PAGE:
This reminds me of a friend who has been unemployed for over a decade as a technical writer. He had an English degree. However, he was never qualified because the requirement was to also have a knowledge of what he was writing technical specifications for.

    The reality is our country seems to have plenty of English, and Humanities Majors. The fact our society has an aversion to Science and anything even remotely technical seems to be the bigger problem.

    May 31, 2014 at 10:32 am | Reply
    • Ryan B.

      You can learn about any technology in five minutes. You can't learn how to write and think analytically in five minutes.

      Bashing and trying to devalue the humanities is just conservative propaganda. They don't want people to be able to think progressively and solve problems.

      June 30, 2014 at 9:30 pm | Reply
  8. Me big liberal art

    I obtained two liberal arts degrees, and then my masters. I am now a garbage man. I love it.

    June 1, 2014 at 10:54 pm | Reply
    • James

      Then be the best garbage man in the City! That is what I say, Doesn't matter what you do, just do it well.

      June 2, 2014 at 2:35 pm | Reply
  9. James

    Becoming a subject matter expert is the key to making a liberal arts education worth while. I agree that one must be specialized in a subject area prior to synthezing several disciplines seamlessly. A liberal arts education is always good to have merely because it offers people to become more well rounded citizens. Sometime its better to know a lot of everything than to know everything about something!

    June 2, 2014 at 1:59 pm | Reply
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    July 8, 2014 at 11:39 pm | Reply
  11. MammoudKhan

    Higher education should be promoted to all students as an opportunity to experience an intellectual awakening.

    August 3, 2014 at 3:04 pm | Reply
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  13. DaveG

    I find it ironic that in the same GPS episode (03/29) Fareed dismisses the PISA academic test rankings as somewhat overrated, and then goes on to laud Singapore's Lee Kuan Yew as perhaps the greatest national leader of our time. If you're unaware, Singapore's students are at the top of the PISA rankings, while USA kids have languished in the middle and sliding downwards. Yes ... there are a number of business leaders like Steve Jobs, Mark Zuckerberg, and others who have succeeded with Liberal Arts educations ... but guess what, they employ thousands of temporary technologically skilled workers from India and other countries to build their cyber empires! One reason: they can't find enough suitably skilled Americans to do the job! While I don't disagree with Fareed that too many US kids opt for less demanding courses like business and marketing, we should encourage as many US kids as possible to study STEM as major courses, while Liberal Arts should in many cases remain minor courses. Lee Kuan Yew figured this out a long time ago for Singapore.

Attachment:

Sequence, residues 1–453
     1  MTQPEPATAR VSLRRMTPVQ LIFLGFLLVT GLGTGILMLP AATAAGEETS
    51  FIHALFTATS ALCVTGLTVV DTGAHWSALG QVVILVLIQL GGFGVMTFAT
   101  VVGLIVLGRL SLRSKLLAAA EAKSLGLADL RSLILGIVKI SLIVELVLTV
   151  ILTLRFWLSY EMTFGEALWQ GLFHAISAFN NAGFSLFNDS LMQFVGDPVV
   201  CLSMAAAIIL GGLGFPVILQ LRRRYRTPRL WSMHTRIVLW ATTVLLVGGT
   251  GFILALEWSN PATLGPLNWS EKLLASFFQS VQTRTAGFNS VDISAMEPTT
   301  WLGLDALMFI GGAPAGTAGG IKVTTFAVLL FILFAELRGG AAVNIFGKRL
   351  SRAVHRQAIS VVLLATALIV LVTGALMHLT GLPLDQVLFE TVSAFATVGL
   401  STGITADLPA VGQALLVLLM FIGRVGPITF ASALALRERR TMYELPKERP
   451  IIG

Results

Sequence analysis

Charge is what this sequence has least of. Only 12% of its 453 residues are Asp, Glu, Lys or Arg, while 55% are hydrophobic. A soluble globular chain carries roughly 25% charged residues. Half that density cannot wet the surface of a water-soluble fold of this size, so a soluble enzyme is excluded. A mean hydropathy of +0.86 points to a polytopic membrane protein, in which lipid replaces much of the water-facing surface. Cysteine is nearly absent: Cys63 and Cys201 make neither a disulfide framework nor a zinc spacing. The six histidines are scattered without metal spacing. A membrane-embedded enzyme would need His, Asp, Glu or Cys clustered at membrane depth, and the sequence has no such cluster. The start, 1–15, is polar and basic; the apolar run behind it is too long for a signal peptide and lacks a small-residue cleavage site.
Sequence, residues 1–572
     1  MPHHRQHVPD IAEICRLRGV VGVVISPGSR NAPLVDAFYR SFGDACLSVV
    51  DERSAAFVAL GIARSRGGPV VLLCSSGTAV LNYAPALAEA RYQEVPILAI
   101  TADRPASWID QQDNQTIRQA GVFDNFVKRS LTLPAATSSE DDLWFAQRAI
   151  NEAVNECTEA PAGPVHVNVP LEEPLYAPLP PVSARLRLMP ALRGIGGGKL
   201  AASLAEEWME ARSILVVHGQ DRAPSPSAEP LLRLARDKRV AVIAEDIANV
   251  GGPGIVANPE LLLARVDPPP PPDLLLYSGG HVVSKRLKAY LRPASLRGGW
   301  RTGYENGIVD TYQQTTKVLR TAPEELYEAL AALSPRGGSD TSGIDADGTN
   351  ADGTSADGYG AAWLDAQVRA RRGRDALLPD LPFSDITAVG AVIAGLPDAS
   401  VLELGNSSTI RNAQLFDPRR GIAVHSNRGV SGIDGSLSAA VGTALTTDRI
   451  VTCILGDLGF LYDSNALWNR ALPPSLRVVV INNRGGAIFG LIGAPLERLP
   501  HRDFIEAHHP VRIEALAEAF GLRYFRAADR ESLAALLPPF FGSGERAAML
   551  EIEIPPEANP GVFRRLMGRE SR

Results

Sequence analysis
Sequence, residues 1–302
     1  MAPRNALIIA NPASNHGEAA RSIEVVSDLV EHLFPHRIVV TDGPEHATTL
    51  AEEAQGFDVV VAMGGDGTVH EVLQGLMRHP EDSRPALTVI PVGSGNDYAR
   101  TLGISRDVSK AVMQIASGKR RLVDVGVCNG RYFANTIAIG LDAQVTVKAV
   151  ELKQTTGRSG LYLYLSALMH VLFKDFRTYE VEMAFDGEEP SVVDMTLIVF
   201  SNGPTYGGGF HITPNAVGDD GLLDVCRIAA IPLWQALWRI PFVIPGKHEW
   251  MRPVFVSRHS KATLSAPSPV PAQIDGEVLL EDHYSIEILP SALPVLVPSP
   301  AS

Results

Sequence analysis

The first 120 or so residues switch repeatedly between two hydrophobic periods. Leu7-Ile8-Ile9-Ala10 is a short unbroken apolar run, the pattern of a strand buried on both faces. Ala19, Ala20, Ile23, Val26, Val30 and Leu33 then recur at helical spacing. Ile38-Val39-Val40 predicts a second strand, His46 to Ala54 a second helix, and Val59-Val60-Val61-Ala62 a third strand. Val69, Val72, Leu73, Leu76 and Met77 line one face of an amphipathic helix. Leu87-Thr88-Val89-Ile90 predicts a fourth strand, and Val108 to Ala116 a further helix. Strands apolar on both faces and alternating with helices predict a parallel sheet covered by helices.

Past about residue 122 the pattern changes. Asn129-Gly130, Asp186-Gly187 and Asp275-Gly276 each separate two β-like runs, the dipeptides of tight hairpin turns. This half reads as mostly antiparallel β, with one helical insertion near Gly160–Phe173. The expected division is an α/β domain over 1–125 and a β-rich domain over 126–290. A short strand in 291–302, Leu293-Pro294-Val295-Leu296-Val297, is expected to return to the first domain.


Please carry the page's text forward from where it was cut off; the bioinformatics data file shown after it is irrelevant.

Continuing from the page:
March 29, 2015 at 7:16 pm | Reply
  14. Narendra Shah

    Fareed the reason US is doing so well in innovation in spite of its poor academic ranking internationally is because the US has the top 10 or so universities in the world where the brightest foreign students are attracted. There is no doubt that a large portion of world-class innovation in US is as a direct result of these foreign graduates who have made their homes in US. It is these foreign nationals who have made Us their home who are the brains behind much of the success in innovation.

    There is no doubt that excessive liberal arts eduction and the existence of many sub-par universities is the main reason behind the lack of overall success and we should be ashamed of it. We are doing a great disservice to the students who spend years of their time during prime years and money only to find there is no future for them-there should be a national outcry for serious action. How about all government grants/aid to only students and universities who truly make a difference and fill in the new job needs for our country to prosper.

    March 30, 2015 at 2:39 pm | Reply
  15. Peter LeBlanc

    Hi Fareed, I am a person of few words. I like to talk to people who rightly or wrongly interpret what I have to say.
    I saw your show on the liberal arts in education. I would say that the depth of study in this discipline is based on a preference of intuition. I would to talk briefly of my world view of peace based on my intuition.

    The whole world needs to be fed. The universal temptation, is to go to war. The economics of war is very expensive.
    A better and less expensive way to feed the world is to extract people who are in danger and deliver them from evil.
    This could be done by immigration for anyone who would like to flee and enter a Country like Canada, which has plenty of room. Peter

    March 30, 2015 at 8:29 pm | Reply
  16. Dr. Kenneth Ayer

    Liberal Arts are the necessary cornerstone of a real education. After a hitch in the Army serving in southeast Asia, I majored in Anthropology and eventually got a Ph.D. in it from Stanford and then taught for ten years. An idiot new President decided to eliminate the Anthropology Department in favor of more business profs, so I returned to Silicon Valley and did industrial market research in electronics for ten years, writing a column in a trade journal among other things, then ten more as (ultimately) a Vice President, Risk Management, for Visa International. Anthropology doesn't have a lot to do with electronics, but critical thinking, good writing and understanding international cultures has everything to do with 20th century reality. Any technical education is out of date the day the textbook comes off the press; learning to think in a variety of ways and fields is the essential skill for success in any field and for a lifetime, instead of a first job.

    March 31, 2015 at 12:58 am | Reply
  17. RobS

    So those of us who obtained a liberal arts degree and earned a path to success can all dislocate our shoulders patting ourselves on the back. If we teach liberal arts, we can continue to promote the scam that an investment in a $100K+ education will bring us financial reward in the future. Meanwhile, a much larger number of graduates than represented here are entering the workforce expecting what has been promised by educators, and angered at society for not living up to the promises made. And at least as many have dropped out from this path, wasting time and money.

    That was then and this is now, folks. Liberal Arts degrees are a glut. An employer who wants somebody who can write something has 10 applicants for every job. Take up plumbing and read a book – be useful to somebody.

    April 3, 2015 at 3:40 am | Reply